February 21, 2019
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No FEMA disaster relief funds for Brownville, Patten, Milo

AUGUSTA, Maine — Maine Emergency Management Agency officials determined Friday that Maine will not reach the threshold needed in order to qualify for federal disaster assistance for Piscataquis and Penobscot county communities slammed by severe rainstorms in late June.

Given that, state officials will not be requesting assistance from the Federal Emergency Management Agency, MEMA Director Rob McAleer announced Friday.

Brownville, Patten and Milo were among the towns hardest hit by the storms, which washed out roads and railroad tracks, shut down businesses and otherwise wreaked havoc on the region.

Initial cost estimates pegged damage from the storms at about $1.2 million, she said. Though that fell short of the $1.8 million minimum normally needed to qualify for FEMA assistance, state officials believed Maine might qualify for aid under a provision that allows for a lower threshold to be considered in the case of significant localized impact.

“After FEMA visited the affected towns and conferred with [the Maine Department of Transportation], it was found that some of the previously estimated damage figures could not be included and our statewide estimate dropped to below $700,000,” McAleer said.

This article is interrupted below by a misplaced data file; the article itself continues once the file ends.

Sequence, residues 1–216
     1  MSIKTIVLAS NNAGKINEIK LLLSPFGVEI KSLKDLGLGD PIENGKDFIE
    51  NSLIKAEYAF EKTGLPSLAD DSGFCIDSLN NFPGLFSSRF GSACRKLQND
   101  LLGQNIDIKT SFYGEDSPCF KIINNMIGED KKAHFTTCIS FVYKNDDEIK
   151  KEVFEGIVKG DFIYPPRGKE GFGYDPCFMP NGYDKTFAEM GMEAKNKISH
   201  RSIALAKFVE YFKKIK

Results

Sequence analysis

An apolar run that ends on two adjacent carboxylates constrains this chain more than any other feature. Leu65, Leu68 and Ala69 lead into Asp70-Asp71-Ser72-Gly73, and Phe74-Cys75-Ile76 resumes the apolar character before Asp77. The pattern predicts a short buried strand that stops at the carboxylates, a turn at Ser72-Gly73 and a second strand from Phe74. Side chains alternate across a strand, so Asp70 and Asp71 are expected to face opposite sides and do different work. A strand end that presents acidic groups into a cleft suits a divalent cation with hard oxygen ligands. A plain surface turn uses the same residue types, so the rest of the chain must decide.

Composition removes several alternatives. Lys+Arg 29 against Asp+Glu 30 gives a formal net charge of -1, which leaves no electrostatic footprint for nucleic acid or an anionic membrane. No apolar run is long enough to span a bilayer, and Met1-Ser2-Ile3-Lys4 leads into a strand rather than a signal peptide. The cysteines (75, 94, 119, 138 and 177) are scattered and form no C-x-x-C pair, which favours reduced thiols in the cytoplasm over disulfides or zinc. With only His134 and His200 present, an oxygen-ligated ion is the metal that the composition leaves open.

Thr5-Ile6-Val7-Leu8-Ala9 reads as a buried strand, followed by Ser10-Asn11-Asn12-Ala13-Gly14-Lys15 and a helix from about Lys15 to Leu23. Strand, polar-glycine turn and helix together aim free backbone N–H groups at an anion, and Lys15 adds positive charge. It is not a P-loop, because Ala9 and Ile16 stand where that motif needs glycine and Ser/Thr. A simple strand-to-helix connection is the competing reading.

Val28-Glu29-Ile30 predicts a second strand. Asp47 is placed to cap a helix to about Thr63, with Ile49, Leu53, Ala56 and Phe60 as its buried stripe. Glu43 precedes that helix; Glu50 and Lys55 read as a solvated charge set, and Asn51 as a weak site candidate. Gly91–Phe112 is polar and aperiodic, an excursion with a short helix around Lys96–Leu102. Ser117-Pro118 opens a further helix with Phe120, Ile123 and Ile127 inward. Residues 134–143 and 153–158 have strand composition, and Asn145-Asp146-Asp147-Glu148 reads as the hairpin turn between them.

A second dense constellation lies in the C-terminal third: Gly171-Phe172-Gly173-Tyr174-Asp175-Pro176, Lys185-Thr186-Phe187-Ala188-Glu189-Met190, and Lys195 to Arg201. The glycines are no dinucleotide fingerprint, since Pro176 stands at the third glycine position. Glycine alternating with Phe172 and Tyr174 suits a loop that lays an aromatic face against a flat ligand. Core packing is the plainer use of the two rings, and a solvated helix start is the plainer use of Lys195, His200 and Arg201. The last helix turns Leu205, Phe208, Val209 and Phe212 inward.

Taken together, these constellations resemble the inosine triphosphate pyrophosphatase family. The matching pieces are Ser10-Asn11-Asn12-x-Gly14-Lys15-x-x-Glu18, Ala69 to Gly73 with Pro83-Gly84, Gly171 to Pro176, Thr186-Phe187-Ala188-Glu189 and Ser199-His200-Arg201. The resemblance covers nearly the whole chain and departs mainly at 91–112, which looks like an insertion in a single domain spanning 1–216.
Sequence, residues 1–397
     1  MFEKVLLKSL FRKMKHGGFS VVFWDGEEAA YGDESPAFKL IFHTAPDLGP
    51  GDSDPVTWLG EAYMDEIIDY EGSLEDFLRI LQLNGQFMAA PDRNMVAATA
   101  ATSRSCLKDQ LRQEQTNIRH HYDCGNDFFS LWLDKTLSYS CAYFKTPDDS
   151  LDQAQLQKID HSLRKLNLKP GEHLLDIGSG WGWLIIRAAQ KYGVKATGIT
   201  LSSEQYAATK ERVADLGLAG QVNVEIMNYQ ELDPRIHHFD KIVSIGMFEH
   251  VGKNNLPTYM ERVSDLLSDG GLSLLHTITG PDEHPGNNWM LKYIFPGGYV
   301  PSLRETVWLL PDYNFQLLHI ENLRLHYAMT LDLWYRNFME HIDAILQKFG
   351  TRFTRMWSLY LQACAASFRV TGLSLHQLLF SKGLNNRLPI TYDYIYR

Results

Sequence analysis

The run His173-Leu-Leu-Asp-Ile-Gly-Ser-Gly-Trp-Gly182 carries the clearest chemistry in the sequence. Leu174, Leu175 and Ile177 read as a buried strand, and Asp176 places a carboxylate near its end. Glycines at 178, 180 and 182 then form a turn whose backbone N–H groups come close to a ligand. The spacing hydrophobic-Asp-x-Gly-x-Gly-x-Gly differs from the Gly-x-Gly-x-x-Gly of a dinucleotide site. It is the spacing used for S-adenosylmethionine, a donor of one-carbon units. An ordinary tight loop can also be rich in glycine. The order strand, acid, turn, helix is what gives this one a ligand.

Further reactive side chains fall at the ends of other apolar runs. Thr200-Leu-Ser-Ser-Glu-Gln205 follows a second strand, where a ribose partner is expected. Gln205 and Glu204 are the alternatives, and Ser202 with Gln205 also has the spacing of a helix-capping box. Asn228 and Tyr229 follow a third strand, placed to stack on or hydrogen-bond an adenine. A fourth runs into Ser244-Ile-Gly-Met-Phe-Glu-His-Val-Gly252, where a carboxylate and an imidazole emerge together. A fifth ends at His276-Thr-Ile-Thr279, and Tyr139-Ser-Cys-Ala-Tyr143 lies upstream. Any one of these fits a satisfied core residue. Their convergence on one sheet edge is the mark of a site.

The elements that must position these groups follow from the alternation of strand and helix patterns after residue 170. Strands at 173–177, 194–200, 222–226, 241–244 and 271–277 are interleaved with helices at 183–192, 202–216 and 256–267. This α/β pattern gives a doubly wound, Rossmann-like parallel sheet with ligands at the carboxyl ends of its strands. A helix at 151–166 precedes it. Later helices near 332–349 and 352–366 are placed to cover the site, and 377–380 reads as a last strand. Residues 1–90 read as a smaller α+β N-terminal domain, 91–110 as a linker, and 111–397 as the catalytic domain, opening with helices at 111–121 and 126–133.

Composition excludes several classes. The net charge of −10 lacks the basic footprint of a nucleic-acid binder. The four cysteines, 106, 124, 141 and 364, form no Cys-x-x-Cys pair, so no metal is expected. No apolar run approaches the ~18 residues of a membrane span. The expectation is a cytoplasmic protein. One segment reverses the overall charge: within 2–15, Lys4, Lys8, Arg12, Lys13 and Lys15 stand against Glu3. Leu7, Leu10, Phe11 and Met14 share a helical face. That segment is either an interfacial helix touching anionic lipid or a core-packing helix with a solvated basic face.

“This takes us below the point that we could qualify for assistance — even under this specific exception in the rules,” he said.

Gov. Paul LePage requested the FEMA survey last week, after also

requesting an extension of the time period to make a disaster request,

in order to ensure that all avenues of possible assistance were being


McAleer said his staff is continuing to work with the Department of Economic and Community Development to assess the economic impact on businesses in the areas affected by the storms and to explore other potential sources for assistance.

He also praised local officials and the DOT for their swift response to the severe damage, repairing and reopening roads quickly after 8 inches of rain fell in just over three hours, causing extensive washouts.

State transportation officials estimate that they performed close to $300,000 of repairs in Piscataquis County from this one storm.

One death was attributed to the storm.

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